7 posts • joined Friday 4th April 2008 13:57 GMT
RSTS/E was the most elegant OS I've ever used. VMS was a close second. Amiga OS always appealed to me as its command-line was basically VMS. The PDP-11/70 that I used in college had a whopping 32K of RAM. The day before a programming assignment was due we would have 30 or more people logged in at once, and it ran like we had the machine to ourselves. The VAX I used a couple years later, with 16MB of RAM, would start coughing with 20 users. The University's workhorse was an IBM 4341. It was a pain in the tuckus to use, and complained loudly when too many people needed it at once. Finally around 1987 they bought a 4381 to run administration stuff so we peons (I mean students) could use the whole 4341 for programming projects.
Sure, my Mac with OS-X is pretty, but I feel I could get a lot more done on that PDP. I'm sure it is just my perception. I have many more things going on on the Mac that I could not even dream of when I was using the DEC, but I don't feel nearly as productive trying to program these days.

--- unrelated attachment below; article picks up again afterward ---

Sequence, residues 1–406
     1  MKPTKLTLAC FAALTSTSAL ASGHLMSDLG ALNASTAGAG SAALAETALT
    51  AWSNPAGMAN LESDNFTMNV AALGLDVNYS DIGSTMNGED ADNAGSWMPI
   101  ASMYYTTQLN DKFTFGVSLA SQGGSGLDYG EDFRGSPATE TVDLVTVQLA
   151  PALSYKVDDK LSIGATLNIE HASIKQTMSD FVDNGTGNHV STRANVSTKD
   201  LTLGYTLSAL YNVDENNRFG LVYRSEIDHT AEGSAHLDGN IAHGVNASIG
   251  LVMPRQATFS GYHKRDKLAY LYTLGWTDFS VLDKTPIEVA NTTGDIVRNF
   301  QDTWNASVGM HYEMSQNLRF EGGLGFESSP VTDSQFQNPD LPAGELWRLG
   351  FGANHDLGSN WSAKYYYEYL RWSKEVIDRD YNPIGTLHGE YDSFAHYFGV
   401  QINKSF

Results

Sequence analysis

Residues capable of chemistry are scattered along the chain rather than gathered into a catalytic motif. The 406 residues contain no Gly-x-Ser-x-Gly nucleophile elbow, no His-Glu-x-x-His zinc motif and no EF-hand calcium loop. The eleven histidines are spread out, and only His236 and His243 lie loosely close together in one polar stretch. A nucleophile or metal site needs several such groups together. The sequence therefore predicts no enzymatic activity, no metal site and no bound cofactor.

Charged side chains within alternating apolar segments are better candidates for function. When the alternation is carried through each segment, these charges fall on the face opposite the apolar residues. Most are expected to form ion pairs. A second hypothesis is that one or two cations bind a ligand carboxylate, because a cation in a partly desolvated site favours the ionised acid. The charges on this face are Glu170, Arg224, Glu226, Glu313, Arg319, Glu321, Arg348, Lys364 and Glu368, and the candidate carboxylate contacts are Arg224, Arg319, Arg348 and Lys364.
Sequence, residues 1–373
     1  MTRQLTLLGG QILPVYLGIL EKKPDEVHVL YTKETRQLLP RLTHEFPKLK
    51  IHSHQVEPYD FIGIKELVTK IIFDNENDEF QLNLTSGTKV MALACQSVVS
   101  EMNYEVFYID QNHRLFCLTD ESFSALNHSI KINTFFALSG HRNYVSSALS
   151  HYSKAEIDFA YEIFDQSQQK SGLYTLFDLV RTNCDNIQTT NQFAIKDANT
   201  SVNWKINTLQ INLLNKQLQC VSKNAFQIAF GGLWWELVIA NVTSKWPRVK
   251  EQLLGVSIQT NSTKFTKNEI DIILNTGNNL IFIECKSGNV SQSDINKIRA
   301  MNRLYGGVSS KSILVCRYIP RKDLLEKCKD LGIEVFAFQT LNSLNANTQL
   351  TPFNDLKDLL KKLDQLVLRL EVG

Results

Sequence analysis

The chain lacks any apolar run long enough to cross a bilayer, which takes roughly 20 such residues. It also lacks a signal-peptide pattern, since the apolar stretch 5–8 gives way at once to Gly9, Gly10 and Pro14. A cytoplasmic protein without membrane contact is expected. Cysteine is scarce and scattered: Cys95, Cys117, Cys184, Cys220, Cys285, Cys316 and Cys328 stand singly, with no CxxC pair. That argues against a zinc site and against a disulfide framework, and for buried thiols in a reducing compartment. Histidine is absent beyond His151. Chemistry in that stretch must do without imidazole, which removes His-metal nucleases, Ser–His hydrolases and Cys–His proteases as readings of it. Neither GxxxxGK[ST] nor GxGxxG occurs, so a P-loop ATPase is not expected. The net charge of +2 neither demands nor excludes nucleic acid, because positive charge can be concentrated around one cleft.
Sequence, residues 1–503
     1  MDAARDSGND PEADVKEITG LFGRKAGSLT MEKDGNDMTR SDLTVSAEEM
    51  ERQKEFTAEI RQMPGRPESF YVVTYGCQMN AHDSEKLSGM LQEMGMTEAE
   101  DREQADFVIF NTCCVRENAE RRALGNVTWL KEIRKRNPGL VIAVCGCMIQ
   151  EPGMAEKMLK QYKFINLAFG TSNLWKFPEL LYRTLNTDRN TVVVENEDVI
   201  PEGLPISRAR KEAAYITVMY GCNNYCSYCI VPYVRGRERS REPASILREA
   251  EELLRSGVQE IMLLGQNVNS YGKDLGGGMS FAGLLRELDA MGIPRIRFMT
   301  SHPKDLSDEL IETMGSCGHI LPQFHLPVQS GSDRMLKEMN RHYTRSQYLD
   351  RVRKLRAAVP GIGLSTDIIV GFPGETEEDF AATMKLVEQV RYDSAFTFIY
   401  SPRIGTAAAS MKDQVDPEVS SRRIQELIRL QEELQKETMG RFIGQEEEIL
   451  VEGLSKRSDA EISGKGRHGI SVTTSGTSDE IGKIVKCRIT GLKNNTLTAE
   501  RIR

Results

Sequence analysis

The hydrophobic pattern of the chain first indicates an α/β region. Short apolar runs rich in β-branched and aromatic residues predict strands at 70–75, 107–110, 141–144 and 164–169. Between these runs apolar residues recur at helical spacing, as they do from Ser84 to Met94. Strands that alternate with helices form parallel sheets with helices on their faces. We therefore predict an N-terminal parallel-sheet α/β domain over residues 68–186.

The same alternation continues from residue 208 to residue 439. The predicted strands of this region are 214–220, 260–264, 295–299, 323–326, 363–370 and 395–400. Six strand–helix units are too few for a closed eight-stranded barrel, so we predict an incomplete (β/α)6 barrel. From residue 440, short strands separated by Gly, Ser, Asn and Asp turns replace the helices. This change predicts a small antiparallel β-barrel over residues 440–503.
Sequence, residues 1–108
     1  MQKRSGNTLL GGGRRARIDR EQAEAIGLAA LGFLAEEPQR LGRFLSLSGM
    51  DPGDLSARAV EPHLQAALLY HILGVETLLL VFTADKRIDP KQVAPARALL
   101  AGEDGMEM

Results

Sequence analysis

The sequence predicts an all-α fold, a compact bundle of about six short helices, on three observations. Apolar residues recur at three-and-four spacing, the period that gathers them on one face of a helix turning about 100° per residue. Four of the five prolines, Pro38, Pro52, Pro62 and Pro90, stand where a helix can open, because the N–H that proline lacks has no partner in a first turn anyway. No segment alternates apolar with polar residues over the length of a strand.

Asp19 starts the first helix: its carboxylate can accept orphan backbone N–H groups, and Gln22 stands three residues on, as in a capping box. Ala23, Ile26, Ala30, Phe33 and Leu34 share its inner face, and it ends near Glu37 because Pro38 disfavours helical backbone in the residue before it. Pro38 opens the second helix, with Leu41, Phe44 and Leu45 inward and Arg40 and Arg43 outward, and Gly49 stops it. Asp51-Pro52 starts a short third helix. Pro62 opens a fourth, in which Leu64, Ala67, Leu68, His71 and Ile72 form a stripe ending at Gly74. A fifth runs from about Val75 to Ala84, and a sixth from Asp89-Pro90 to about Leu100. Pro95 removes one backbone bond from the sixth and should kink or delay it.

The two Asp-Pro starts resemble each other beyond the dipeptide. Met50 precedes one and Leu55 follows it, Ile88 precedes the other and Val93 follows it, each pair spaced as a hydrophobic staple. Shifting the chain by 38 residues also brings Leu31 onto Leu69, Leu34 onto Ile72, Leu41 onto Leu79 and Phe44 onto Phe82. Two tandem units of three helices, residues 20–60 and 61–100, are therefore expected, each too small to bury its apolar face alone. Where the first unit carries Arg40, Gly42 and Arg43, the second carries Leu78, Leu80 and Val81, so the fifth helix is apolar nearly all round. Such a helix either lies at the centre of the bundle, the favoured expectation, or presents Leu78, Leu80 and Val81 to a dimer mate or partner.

Oh, it was Windows NT that ran on the Alpha. Of course finding Windows applications that were compiled for it was tricky.
Super atomic permanent wedgie
The prank potential is mind-boggling.
I like my MacBook a lot. My wife recently got one also for music composition. That sharp edge bugged me too though. I fixed it with a de-burring tool in about 10 seconds. If you don't have one of those, a fine file or some sand paper would work just fine too.
Still, I'm not sure why they put it there in the first place.
Windows NT ran on x86 and the DEC Alpha 64 bit RISC chip. I never saw one though and few Windows apps were cross-compiled for it.
Sarcastic Gamer's take...
That is an interesting gadget. Way too pricey for me and I'd be terribly afraid to set anything on it.
I like this assessment:
Paris because she probably knows about being interactive on a table.
Hmm, can it recognize butt-prints?